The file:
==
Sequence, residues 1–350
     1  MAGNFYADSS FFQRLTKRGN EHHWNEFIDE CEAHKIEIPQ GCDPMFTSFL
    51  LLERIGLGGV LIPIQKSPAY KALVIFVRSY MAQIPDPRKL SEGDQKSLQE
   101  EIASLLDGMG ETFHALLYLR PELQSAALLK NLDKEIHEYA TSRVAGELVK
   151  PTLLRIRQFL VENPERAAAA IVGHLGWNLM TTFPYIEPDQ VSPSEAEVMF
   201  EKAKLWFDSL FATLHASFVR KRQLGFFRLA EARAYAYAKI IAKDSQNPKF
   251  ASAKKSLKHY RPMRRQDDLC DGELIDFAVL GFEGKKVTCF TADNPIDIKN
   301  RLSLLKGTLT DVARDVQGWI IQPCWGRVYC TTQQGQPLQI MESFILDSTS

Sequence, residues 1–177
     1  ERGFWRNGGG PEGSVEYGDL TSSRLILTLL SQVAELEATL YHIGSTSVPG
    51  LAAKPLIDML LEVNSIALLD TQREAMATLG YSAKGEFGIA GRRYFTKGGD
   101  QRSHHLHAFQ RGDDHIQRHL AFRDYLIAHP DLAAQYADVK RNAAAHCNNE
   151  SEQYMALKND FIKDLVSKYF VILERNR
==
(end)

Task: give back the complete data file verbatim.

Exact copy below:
Sequence, residues 1–350
     1  MAGNFYADSS FFQRLTKRGN EHHWNEFIDE CEAHKIEIPQ GCDPMFTSFL
    51  LLERIGLGGV LIPIQKSPAY KALVIFVRSY MAQIPDPRKL SEGDQKSLQE
   101  EIASLLDGMG ETFHALLYLR PELQSAALLK NLDKEIHEYA TSRVAGELVK
   151  PTLLRIRQFL VENPERAAAA IVGHLGWNLM TTFPYIEPDQ VSPSEAEVMF
   201  EKAKLWFDSL FATLHASFVR KRQLGFFRLA EARAYAYAKI IAKDSQNPKF
   251  ASAKKSLKHY RPMRRQDDLC DGELIDFAVL GFEGKKVTCF TADNPIDIKN
   301  RLSLLKGTLT DVARDVQGWI IQPCWGRVYC TTQQGQPLQI MESFILDSTS

Sequence, residues 1–177
     1  ERGFWRNGGG PEGSVEYGDL TSSRLILTLL SQVAELEATL YHIGSTSVPG
    51  LAAKPLIDML LEVNSIALLD TQREAMATLG YSAKGEFGIA GRRYFTKGGD
   101  QRSHHLHAFQ RGDDHIQRHL AFRDYLIAHP DLAAQYADVK RNAAAHCNNE
   151  SEQYMALKND FIKDLVSKYF VILERNR